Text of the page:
Warren Buffett is a legend in investing circles, mostly for his highly successful strategy of buying and holding stocks. However, although he purchases huge numbers of stocks, it is probably a mistake to say that he is a stock trader. The Sage of Omaha does not buy stocks looking for short-term returns or technical moves – he’s actually buying businesses that are well run and have significant growth potential. In other words, he invests in businesses, not in stocks. This is the secret behind the success of Berkshire Hathaway – Buffett knows how to recognize a good business and become a partner with it for the long run.

Does Buffett ever trade, rather than acquire?

From time to time, Buffett has made changes in his portfolio – including divesting assets such as Union Pacific when he no longer felt that the value was there. However, for the most part, no one has ever accused Buffett of speculative trading – he has the reputation of being the ultimate value investor.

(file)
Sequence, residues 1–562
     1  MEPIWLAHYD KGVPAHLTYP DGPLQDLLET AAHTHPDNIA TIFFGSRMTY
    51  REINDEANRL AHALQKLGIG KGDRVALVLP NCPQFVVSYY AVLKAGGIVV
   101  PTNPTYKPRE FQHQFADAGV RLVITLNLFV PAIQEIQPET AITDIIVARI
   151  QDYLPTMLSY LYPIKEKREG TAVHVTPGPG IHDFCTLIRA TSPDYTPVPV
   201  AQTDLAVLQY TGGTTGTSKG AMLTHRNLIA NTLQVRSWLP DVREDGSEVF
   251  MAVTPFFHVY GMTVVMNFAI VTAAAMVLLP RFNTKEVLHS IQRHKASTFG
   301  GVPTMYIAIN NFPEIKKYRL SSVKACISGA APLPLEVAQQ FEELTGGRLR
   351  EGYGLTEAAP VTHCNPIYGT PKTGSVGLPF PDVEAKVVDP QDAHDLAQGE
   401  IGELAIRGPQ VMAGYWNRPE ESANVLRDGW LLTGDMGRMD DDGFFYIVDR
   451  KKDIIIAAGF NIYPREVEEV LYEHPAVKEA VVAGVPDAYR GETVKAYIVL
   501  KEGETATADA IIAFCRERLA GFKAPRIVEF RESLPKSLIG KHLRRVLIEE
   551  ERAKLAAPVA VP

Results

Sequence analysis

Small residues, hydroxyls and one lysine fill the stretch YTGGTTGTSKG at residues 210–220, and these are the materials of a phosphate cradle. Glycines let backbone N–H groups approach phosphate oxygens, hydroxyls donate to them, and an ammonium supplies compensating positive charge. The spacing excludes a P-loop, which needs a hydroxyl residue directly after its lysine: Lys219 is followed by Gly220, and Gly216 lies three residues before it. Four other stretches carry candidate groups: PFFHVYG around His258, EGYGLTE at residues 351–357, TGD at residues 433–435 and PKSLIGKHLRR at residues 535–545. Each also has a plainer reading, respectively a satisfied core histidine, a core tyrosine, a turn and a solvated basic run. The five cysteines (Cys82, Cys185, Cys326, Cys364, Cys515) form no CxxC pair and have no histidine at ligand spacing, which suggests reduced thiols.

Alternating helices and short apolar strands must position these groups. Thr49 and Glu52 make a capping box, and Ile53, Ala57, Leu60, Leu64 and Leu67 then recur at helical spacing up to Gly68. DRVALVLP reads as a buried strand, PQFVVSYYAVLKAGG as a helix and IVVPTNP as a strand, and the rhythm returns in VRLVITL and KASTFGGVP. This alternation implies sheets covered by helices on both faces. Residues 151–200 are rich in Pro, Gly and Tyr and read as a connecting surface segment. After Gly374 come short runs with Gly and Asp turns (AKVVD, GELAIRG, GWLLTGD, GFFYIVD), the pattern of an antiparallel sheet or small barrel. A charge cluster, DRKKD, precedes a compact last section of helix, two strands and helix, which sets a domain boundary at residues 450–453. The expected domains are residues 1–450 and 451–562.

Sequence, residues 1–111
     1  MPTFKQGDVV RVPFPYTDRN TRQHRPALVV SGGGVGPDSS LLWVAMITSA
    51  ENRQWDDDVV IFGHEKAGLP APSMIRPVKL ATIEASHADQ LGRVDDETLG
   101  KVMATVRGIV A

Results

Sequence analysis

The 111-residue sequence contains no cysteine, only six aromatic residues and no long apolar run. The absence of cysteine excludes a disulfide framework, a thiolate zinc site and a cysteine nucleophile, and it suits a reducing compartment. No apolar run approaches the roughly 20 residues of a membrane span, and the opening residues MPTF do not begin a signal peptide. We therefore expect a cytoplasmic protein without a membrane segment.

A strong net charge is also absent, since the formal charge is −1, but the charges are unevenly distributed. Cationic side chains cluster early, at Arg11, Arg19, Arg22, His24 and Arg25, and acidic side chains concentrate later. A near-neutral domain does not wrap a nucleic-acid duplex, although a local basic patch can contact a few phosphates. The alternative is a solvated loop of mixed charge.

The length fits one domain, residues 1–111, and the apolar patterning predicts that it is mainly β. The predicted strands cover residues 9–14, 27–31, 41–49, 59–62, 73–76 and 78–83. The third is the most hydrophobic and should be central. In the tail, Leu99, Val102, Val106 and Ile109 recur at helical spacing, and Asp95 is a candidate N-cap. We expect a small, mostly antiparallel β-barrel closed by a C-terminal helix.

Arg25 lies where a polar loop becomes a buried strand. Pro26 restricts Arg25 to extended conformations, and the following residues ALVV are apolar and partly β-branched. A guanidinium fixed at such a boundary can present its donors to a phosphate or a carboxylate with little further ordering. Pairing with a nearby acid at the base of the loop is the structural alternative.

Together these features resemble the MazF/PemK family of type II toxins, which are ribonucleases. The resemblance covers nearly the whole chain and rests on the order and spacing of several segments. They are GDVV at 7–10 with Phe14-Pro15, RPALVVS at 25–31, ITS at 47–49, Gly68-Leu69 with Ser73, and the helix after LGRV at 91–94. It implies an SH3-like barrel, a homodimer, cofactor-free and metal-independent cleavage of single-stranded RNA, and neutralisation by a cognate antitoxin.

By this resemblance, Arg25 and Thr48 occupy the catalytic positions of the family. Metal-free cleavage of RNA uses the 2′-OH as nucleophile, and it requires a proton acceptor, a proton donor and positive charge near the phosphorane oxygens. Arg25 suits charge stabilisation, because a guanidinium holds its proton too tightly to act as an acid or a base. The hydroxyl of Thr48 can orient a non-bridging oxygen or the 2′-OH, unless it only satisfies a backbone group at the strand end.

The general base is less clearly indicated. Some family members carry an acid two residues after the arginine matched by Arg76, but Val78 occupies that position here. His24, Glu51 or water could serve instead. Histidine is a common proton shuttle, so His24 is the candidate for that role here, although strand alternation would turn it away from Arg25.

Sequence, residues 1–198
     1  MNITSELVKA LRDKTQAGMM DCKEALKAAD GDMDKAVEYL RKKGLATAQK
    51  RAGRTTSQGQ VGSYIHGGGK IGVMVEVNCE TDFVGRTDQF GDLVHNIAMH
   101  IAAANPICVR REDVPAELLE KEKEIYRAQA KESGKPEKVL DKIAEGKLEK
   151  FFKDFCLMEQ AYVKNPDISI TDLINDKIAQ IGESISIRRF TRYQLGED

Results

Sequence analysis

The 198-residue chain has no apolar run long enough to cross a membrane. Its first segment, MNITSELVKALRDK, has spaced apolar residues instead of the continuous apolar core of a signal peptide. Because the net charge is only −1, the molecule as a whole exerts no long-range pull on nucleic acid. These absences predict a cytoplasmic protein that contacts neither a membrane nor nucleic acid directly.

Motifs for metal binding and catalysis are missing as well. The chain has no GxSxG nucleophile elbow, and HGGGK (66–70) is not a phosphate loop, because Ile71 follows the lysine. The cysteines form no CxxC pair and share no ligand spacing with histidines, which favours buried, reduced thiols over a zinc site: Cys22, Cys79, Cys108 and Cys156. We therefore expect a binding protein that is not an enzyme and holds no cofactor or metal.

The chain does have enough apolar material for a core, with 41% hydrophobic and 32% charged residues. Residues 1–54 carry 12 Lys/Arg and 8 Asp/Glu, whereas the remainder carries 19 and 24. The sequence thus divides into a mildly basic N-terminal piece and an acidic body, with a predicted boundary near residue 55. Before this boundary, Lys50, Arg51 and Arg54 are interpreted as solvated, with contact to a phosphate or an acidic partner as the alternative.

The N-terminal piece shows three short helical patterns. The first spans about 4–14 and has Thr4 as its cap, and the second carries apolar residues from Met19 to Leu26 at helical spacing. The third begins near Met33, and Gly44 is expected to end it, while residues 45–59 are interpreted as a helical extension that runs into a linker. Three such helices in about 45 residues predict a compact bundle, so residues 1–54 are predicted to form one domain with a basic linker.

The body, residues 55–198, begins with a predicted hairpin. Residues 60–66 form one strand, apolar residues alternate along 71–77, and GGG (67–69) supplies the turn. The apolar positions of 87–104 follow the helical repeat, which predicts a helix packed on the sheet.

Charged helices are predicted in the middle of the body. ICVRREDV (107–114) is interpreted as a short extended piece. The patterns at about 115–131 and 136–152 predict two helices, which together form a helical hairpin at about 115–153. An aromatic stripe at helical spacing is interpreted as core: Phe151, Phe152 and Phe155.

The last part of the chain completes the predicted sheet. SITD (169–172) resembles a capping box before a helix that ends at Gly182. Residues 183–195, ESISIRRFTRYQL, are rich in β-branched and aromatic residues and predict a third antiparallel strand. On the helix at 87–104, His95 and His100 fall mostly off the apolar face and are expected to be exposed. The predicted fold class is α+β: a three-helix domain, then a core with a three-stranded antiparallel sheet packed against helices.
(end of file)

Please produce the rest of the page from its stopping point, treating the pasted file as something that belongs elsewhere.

Except, perhaps, when it comes to currencies.

Buffett and the foreign currency market

Back in 2002, Buffett did something he never did before – he started to take positions in the foreign currency market. This was because he became increasingly concerned about the growing trade deficit in the United States. He was aware of the issue before hand, but by 2002 felt that global appetite for continued US trade deficits was starting to falter badly.

Buffett grew the positions that he took in 2002 further in 2003 as his view of the US dollar became increasingly bearish. In fact, the dollar did start to slide at the end of 2002, leaving Berkshire Hathaway in the relatively enviable position of owning about $12 billion of foreign currency contracts, spread across a number of different currencies. At the same time, Buffett also held about $1 billion in euro-denominated bonds with high yields.

So, despite having built his empire based on buying into high-value, well-run businesses, the Sage of Omaha has shown that he is definitely not above betting on currencies to hedge risk and drive profits. Clearly, this is a lesson that we can all benefit from – Buffett did not become one of the richest men in the world by ignoring opportunities or failing to manage downside. In fact, Buffett’s moves in the currency markets clearly show that trading – not investing – in the currency market is a perfectly valid strategy, even for hard-core value investors.